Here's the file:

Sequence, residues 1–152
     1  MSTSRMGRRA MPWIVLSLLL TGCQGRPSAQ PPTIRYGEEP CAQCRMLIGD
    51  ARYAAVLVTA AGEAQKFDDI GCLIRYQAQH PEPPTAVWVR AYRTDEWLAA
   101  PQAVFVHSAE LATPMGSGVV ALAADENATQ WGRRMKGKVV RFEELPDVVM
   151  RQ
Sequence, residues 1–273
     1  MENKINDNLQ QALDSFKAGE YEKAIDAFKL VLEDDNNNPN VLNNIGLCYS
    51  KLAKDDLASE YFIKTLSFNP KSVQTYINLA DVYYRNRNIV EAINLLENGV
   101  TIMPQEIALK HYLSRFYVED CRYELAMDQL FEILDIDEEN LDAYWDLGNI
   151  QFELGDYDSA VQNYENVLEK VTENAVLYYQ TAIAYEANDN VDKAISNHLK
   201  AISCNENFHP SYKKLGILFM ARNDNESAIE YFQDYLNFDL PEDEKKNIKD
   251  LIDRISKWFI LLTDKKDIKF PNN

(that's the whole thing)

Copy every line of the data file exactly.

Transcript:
Sequence, residues 1–152
     1  MSTSRMGRRA MPWIVLSLLL TGCQGRPSAQ PPTIRYGEEP CAQCRMLIGD
    51  ARYAAVLVTA AGEAQKFDDI GCLIRYQAQH PEPPTAVWVR AYRTDEWLAA
   101  PQAVFVHSAE LATPMGSGVV ALAADENATQ WGRRMKGKVV RFEELPDVVM
   151  RQ
Sequence, residues 1–273
     1  MENKINDNLQ QALDSFKAGE YEKAIDAFKL VLEDDNNNPN VLNNIGLCYS
    51  KLAKDDLASE YFIKTLSFNP KSVQTYINLA DVYYRNRNIV EAINLLENGV
   101  TIMPQEIALK HYLSRFYVED CRYELAMDQL FEILDIDEEN LDAYWDLGNI
   151  QFELGDYDSA VQNYENVLEK VTENAVLYYQ TAIAYEANDN VDKAISNHLK
   201  AISCNENFHP SYKKLGILFM ARNDNESAIE YFQDYLNFDL PEDEKKNIKD
   251  LIDRISKWFI LLTDKKDIKF PNN